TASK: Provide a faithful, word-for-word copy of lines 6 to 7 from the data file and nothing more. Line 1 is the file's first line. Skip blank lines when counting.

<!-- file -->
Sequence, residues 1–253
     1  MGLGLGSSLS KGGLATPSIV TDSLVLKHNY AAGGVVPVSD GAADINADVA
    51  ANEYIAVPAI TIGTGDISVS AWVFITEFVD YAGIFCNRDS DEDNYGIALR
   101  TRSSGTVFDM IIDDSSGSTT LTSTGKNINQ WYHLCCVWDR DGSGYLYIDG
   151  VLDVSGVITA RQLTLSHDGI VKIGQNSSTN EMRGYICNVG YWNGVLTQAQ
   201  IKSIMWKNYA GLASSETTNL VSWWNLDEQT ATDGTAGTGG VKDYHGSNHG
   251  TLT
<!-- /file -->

   201  IKSIMWKNYA GLASSETTNL VSWWNLDEQT ATDGTAGTGG VKDYHGSNHG
   251  TLT